10. MM, that's fascinating, i've never even heard of blended tone before, let alone tried it. maybe i'll give it a shot when nobody else is in the house to hear my screeches. :)
  11. Funny that you call it screeching because that's what you sound like to yourself when you first start singing with a blended tone. But you get used to it and you come to feel the power and emotion your voice can get.
  12. Bruce Lindfield

    Bruce Lindfield Unprofessional TalkBass Contributor Gold Supporting Member In Memoriam

    Isn't this what also causes health problems like nodules on the vocal chords? :eek:

    I think I will stick with singing from the diaphragm as I was taught, thank you! :rolleyes:
  13. If you're directing this at me then no, you're jumping to conclusions because the type of singing I'm talking about prevents you from developing nodules. The goal is to sing without straining. If you're experiencing pain or losing your voice when singing then you really need to learn proper technique. Diaphragmatic breathing is essential to singing properly.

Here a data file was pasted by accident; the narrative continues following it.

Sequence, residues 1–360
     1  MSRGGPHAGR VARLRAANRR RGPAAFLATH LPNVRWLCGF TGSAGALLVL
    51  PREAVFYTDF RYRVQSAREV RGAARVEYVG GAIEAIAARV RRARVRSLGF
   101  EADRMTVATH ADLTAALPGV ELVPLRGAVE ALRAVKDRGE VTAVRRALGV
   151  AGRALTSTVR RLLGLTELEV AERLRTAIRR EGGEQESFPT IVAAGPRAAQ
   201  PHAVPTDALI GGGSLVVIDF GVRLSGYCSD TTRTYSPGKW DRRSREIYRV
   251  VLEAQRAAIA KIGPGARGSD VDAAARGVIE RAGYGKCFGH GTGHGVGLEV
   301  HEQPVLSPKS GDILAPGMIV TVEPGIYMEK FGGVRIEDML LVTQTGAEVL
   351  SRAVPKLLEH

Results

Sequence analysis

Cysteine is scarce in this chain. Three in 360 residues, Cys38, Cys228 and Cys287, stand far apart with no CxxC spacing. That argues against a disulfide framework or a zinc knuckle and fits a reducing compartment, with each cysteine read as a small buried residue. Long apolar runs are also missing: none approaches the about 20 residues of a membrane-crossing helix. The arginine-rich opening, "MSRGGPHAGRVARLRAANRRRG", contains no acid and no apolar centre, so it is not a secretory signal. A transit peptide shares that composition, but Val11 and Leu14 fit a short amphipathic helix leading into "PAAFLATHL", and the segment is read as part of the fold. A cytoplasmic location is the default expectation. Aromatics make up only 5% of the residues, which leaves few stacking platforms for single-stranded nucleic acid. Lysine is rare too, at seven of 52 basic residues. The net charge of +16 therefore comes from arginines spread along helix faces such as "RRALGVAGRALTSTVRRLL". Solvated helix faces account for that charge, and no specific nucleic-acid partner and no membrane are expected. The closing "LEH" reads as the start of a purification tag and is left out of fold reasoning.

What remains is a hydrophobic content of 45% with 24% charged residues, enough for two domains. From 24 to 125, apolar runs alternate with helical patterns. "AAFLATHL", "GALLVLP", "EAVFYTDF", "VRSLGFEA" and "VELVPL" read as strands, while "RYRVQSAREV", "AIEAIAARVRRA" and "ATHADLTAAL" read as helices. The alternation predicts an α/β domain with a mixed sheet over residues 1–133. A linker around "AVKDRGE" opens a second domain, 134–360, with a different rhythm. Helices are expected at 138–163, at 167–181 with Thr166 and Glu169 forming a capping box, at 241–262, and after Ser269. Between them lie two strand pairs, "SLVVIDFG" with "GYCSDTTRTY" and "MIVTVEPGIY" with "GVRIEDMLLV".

I've been singing for over 30 years. When I was younger I regularly would develop laryngitis after singing for a couple hours. I took a voice class at college and learned a lot that helped me to sing better but it was more classically oriented and I still didn't learn the techniques to sound like a rock star (which is what I wanted to be at that time). I'd still strain my voice when I'd sing at the top of my chest register for long periods of time. It wasn't until I went and got training from some vocal coaches that were more rock and pop oriented that I developed the techniques to sing in that register without strain or pain.

    Learning to sing with a blended voice isn't essential but if you want to sound like a majority of rock and modern pop stars then it is a technique that needs to be developed. Again, as I said before, it really needs to be taught by a professional vocal coach that specializes in training rock and pop singers. Don't go to a classical voice coach because they use different techniques that while still beneficial may not get you to where you want to go.